By JACK WEATHERLY
Perhaps a fitting culmination to an erratic weather pattern is that Mississippi’s winter wheat yield is expected to rise by double digits.
Whether the state would even see a crop at all hinged on a drought that pushed planting to late in 2016.
A crop was planted, even though it was smaller than the previous year by about 10 percent.
However, an unusually dry early spring may have boosted the crop, said Dr. Brian Williams, agricultural economist for the MSU Extension Service, who added that the harvest began only last week.
Consequently, the forecast for this season’s crop is 2.7 million bushels, compared with the previous year’s 2.4 million, according to the USDA’s June 9 report.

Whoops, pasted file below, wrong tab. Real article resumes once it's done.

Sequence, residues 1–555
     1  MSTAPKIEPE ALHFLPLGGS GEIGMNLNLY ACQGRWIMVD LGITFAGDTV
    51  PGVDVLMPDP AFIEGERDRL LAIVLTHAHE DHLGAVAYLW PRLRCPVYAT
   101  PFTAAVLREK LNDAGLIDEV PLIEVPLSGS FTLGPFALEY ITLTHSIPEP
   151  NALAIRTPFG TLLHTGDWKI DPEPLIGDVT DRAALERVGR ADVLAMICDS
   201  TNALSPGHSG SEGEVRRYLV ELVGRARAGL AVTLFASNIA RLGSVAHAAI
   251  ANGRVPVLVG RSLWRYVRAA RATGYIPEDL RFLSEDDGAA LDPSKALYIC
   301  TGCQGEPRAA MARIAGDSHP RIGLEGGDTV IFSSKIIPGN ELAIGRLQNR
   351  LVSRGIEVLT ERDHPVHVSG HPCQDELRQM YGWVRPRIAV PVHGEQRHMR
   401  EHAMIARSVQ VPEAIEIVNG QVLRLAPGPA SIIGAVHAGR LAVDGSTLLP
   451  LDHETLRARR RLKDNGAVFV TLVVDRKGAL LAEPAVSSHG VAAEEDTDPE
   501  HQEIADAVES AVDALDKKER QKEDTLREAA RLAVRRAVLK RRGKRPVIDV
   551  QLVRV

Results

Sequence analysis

That’s a yield of 60 bushels per acre, compared with the 2015-2016 yield of 48 bushels.
Dr. Erick Larson, corn and wheat specialist with the extension service, was quoted earlier in the year that “even though the wheat was planted very late, the warm winter allowed to grow rapidly. It caught up and passed normal growth growth points on the calendar.”
Still Larson expressed skepticism on Tuesday that the forecast will be borne out. The small crop is more vulnerable to swings in the weather.
July wheat futures were $4.44 per bushel on Tuesday, compared with the peak of 2012 when they reached $8.80 to $8.90. “We’ve had a steady downward trend since then,” Williams said.
Winter wheat, a small member of the Mississippi row crop family, offers a safety net because its winter-to-spring growing season and early harvest allow farmers to “double-crop” and diversify their efforts.
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